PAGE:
Defining Added Sugar
The Food Journal
June 24, 2014
First off, what is Added Sugar?
Added sugar is any caloric sweetener not naturally found in a food. It can be sugar/sucrose (from sugarcane or sugar beet processings) which is half fructose and half glucose. Sucrose is often used in cold dairy products such as ice cream. Fructose (a monosaccharide or simple sugar) can be used as high fructose corn syrup and although it is made of fructose and glucose like sucrose it is thought to be the most evil of sugars.
The new regulation of Added Sugar will help people distinguish between the natural sugars found in fruit, vegetables, milk, 100% juice (versus fruit drinks), and sugars added arbitrarily. The proposed nutritional label changes for Sugar will “make it easier than ever to judge a food by its label,” said FDA Commissioner Margaret A Hamburg, M.D. The rule changes may illuminate food content that many consumers may find surprising and it may help us focus more on health and wellness.
“Healthy” Added Sugars:
Some products containing Added Sugar are marketed as “natural” because those sugars come from Agave nectar, raw honey or coconut palm sugar. Agave syrup has 70% fructose which is actually more than high fructose corn syrup. In the Huffington Post’s “Top 10 Food Label Tricks to Avoid in 2012”, Dr. Robert J. Davis states, “Just because a product contains an alternative to HFCS -- whether sugar, fruit juice concentrate, brown rice syrup or agave nectar -- doesn't necessarily make it more healthful.” He concludes, “All caloric sweeteners, if consumed in excess, can contribute to obesity and related health problems.”
It is important to work with a Registered Dietitian at your local retail market or your personal physician to understand the level of caloric sweetener intake that is right for your body. While the Dietary Guidelines for Americans are updated every five years, the labels that consumers rely upon to inform them about ingredients are less consistent.
Gail Rampersaud, M.S., R.D.N., L.D.N., University of Florida, Florida Department of Citrus, explains, “Your body doesn’t know the difference between added sugar or natural sugar from a metabolic standpoint. Where the difference comes in is what nutrients and how much of them are traveling with those sugars. You have to look at the total package. I really think that the addition of Added Sugars on the label will help with that confusion and am encouraged that it will help differentiate nutrient dense beverages from others.” Gail points out that we need to “reduce our intake of calories from solid fats and added sugars (emphasis on beverages with added sugars) and eat more nutrient dense foods and beverages. Naturally-occurring sugars like in 100% orange juice will be more obvious to consumers who will start to see what beverages give you nutritious calories.”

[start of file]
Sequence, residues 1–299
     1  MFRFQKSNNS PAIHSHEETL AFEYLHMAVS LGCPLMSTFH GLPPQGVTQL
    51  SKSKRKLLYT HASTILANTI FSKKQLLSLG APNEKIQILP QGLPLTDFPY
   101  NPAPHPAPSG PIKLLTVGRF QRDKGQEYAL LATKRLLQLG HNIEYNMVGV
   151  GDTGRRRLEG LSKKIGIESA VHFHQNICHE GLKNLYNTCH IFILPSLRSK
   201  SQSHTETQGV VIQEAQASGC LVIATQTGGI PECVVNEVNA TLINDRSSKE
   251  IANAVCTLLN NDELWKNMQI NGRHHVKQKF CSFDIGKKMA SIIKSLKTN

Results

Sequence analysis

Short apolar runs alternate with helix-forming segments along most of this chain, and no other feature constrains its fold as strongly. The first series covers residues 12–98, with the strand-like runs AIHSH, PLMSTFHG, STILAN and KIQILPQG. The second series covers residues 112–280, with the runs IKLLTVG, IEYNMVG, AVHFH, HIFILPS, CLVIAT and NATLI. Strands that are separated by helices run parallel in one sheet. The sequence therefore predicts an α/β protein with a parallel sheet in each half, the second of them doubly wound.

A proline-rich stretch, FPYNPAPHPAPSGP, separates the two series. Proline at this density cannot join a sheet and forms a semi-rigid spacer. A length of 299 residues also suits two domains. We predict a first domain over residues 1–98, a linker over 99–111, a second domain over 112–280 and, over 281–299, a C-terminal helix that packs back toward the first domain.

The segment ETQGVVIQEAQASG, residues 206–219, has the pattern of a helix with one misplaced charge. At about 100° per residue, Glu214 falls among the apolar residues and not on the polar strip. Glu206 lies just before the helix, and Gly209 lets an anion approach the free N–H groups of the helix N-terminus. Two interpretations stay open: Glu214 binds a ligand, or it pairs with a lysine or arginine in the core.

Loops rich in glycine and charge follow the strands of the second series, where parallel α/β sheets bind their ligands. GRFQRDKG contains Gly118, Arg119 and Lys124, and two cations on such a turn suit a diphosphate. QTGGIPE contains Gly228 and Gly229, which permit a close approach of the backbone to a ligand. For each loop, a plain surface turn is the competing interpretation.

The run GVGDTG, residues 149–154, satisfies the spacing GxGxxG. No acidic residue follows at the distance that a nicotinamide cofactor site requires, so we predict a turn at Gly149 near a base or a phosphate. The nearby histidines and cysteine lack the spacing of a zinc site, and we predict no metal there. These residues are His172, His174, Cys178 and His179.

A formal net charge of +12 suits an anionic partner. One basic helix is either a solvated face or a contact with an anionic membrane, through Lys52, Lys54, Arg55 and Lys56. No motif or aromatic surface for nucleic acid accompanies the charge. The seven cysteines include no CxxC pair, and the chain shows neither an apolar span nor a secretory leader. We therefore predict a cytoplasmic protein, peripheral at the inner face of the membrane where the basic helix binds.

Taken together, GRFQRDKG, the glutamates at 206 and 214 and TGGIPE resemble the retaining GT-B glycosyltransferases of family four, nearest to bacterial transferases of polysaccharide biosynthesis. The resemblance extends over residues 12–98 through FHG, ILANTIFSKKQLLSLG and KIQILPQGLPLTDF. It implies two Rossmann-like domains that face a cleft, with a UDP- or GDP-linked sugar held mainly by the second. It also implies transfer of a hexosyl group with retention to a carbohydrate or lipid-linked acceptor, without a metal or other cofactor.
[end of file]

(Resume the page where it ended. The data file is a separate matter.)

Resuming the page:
Gail Rampersaud gives five excellent reasons why to drink 100% orange juice in her INTERVIEW HERE. Additionally as a side note, some consumers may think “From Concentrate” orange juice is with more sugar, but that is not the fact. The difference is in how the fruit is processed.
The Context of the Diet:
Kristine Clark, PhD., RD, Director, Sports Nutrition, Assistant Professor, Penn State, spoke with The Food Journal about how sugar can be linked in the minds of consumers to obesity. “Ultimately what the researchers are showing is it’s not sugar that causes weight gain, but excess calorie consumption and inadequate energy expenditure. It’s not a simple one size fits all especially with genetics playing an increasing role. If we took people all overweight by ten pounds, with similar diets, and gave them 16 tablespoons of raw sugar every day to see what happened, if nothing happened, we can’t say sugar is causing something. Say two of the 100 people broke out in hives, could we say sugar cause that?” READ FULL INTERVIEW WITH KRISTINE CLARK HERE
With Added Sugar, it continues to be up to the consumer to take charge of all aspects of their heath as nutrition science expands. According to the FDA's web site on Guidance & Regulation, “The government has no specific recommendation for added sugars. Including added sugars on the new Nutrition Facts label would allow consumers who want to limit their added sugar intake to compare various brands of similar products.”